A new Chrome flags option in the Chrome 25 beta for Android lets people try out new, often experimental features. Let's just hope Google can keep the bloat and sluggishness at bay.
Stephen Shanklandprincipal writer
Stephen Shankland has been a reporter at CNET since 1998 and writes about processors, digital photography, AI, quantum computing, computer science, materials science, supercomputers, drones, browsers, 3D printing, USB, and new computing technology in general. He has a soft spot in his heart for standards groups and I/O interfaces. His first big scoop was about radioactive cat poop.
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I've been covering the technology industry for 24 years and was a science writer for five years before that. I've got deep expertise in microprocessors, digital photography, computer hardware and software, internet standards, web technology, and other dee
Google has released a new beta of its Chrome browser for Android that gives people the option to try new features such as WebGL and CSS graphics features.
The update, the third since the inaugural version of the Chrome beta for Android, shows not only more of the browser team's ambition but also a faster pace of change.
The unbranded stock browser that shipped with Android for years moved comparatively glacially, but in particular with the new Chrome beta releases for Android, Google is pushing for a broader feature set. And the code base is evidently an offshoot of Chrome for PCs, no longer the separate project that the unbranded browser is.
When Google programmer Jason Kersey announced the Chrome 24 beta update for Android devices yesterday, he mentioned only a single feature: "Support for chrome://flags!" But that flags feature actually is a configuration gateway that unlocks many other features, typically experimental ones.
Some experiments, like HTTP pipelining to speed up the interactions between Web browsers and Web servers, likely won't ever graduate from that experimental status. But it's still one of the options that can be enabled in the new Chrome for Android beta by pointing the browser at chrome://flags. A related technology, version 3 of Google's SPDY technology for faster Web-page loading, also can be enabled, though Chrome developer William Chan said on Google+ his tests show the browser actually uses it.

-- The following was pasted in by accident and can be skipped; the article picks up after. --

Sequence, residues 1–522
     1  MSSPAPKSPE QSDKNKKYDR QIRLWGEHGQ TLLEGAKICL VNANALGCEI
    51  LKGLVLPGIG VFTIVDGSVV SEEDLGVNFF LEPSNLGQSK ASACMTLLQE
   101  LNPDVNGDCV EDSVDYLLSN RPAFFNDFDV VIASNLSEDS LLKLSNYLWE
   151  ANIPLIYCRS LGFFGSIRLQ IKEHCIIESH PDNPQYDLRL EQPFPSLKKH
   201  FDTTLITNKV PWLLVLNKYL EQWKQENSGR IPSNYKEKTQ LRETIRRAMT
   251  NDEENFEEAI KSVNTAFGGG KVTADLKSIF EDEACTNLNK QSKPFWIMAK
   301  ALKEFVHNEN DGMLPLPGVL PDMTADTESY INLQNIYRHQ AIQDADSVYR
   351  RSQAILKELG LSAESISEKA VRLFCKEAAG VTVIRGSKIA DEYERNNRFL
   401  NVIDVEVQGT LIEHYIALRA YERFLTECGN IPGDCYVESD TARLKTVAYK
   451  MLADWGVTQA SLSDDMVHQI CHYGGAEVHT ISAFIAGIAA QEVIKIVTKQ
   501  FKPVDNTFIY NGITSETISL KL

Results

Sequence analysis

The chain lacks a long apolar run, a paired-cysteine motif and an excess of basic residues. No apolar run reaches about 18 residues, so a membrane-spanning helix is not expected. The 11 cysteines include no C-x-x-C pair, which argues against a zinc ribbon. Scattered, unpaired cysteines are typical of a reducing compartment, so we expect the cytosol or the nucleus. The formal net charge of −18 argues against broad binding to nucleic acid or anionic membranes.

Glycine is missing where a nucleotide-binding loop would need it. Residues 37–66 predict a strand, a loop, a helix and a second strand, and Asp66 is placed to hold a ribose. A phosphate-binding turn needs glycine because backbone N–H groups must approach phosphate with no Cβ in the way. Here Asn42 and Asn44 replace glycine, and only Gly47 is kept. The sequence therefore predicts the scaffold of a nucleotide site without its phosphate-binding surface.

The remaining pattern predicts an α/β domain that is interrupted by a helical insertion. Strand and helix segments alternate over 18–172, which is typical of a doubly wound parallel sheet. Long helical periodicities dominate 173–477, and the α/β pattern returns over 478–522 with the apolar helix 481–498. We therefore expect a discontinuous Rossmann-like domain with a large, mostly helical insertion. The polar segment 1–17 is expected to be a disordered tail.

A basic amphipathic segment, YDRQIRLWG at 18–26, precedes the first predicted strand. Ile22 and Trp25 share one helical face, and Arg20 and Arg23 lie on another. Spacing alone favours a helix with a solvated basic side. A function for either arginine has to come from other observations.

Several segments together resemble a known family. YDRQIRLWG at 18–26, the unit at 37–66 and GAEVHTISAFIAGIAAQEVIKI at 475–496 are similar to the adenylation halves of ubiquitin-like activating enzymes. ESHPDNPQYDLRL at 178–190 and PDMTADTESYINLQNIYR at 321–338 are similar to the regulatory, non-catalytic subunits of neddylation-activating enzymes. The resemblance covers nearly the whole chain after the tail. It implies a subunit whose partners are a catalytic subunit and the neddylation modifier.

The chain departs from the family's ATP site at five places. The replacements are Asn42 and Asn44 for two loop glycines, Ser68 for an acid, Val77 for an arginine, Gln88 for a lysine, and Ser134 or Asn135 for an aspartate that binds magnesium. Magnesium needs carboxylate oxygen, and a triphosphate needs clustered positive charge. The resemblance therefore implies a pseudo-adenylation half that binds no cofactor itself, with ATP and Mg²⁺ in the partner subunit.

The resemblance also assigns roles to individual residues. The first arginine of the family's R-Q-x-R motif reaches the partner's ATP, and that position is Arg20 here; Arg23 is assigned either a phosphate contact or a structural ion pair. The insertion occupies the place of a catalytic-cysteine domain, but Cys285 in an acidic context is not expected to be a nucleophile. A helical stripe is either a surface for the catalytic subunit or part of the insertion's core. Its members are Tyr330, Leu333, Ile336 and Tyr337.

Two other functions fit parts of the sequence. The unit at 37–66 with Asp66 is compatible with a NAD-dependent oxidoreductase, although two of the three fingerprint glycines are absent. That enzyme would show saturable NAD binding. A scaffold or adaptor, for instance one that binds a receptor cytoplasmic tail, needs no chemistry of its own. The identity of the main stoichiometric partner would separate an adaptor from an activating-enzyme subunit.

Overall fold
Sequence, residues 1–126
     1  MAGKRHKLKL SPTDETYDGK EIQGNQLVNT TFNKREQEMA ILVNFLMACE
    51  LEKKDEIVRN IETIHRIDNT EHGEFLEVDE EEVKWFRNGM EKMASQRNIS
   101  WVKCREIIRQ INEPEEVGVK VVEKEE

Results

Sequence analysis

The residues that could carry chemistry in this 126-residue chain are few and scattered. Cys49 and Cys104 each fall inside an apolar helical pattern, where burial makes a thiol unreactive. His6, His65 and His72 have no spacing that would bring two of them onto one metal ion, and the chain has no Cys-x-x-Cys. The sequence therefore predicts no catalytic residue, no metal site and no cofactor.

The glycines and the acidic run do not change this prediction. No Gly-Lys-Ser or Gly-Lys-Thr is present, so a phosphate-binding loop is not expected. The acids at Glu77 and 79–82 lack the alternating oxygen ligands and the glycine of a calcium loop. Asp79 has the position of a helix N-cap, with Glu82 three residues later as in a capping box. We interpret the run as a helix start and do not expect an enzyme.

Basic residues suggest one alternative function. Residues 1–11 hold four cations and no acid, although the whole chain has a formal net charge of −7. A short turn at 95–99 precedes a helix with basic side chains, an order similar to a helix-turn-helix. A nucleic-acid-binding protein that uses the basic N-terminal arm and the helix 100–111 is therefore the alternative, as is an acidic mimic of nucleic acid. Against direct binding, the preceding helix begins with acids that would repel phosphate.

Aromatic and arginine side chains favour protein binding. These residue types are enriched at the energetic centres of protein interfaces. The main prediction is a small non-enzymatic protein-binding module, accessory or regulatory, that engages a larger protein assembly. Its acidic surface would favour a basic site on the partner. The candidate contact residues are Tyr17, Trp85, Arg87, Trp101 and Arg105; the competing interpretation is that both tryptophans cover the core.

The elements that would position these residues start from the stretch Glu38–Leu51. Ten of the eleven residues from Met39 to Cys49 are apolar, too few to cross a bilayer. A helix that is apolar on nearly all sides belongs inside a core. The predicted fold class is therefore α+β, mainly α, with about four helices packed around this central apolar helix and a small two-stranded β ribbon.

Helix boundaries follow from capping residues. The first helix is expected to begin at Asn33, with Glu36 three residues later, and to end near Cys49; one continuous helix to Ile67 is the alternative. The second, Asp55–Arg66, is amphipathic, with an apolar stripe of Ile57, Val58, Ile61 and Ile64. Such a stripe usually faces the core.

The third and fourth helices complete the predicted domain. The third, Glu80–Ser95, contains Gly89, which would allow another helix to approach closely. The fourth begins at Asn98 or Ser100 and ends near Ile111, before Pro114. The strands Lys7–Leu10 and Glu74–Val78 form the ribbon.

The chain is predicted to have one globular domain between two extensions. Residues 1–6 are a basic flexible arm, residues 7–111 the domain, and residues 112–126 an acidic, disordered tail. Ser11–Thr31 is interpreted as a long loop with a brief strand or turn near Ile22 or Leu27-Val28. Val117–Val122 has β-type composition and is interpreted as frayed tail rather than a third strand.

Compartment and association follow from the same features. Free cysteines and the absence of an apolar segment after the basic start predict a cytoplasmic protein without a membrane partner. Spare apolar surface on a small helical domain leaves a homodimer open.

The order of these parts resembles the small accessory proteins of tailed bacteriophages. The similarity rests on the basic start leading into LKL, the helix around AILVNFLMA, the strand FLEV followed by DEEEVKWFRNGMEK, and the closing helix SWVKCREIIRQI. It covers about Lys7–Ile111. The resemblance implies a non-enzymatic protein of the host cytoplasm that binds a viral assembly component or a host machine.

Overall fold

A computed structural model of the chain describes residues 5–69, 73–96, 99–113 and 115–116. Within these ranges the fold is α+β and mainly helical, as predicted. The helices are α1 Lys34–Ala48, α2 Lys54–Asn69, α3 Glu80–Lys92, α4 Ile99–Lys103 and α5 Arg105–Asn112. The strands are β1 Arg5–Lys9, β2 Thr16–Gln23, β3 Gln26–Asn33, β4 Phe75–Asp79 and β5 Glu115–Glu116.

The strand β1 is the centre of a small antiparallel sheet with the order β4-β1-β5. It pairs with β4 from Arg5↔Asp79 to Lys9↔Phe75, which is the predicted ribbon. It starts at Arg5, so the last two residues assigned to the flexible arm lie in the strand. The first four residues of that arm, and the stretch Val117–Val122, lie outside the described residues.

Another flagged option is CSS Shaders, a technology spawned at Adobe Systems that brings some programmable graphics effects to Web pages.
Another flagged option virtually certain to eventually become standard: WebGL, a low-level interface that lets programmers tap into hardware-accelerated graphics. That could offer a significant boost for programmers who want to make Web apps more competitive with native apps that already can use the OpenGL ES interface on which WebGL is based.
Many flagged options are still not available, though. That includes Native Client (NaCl) and Portable Native Client (PNaCl), technologies designed to let programmers who've written native C or C++ bring it to the browser. Google has said that PNaCl will arrive this year.
For now, like many other flagged options, Chrome merely says, "Sorry, this experiment is not available on your platform."
That's not a bad thing. The new Chrome beta can be slow and even unresponsive on my relatively powerful Galaxy Nexus smartphone, and cramming in new features runs a real risk of slowing it down further.
But the trajectory is clear: Google wants mobile browsing to be a rich experience. By letting people test and debug new features, Chrome flags offers those willing to live on the edge an ability to live in a browsing future that goes beyond today's stripped-down mobile Web.
Updated at 10:22 a.m. PTto note that SPDY is already active in Chrome for Android and that SPDY version 3 is the flagged option.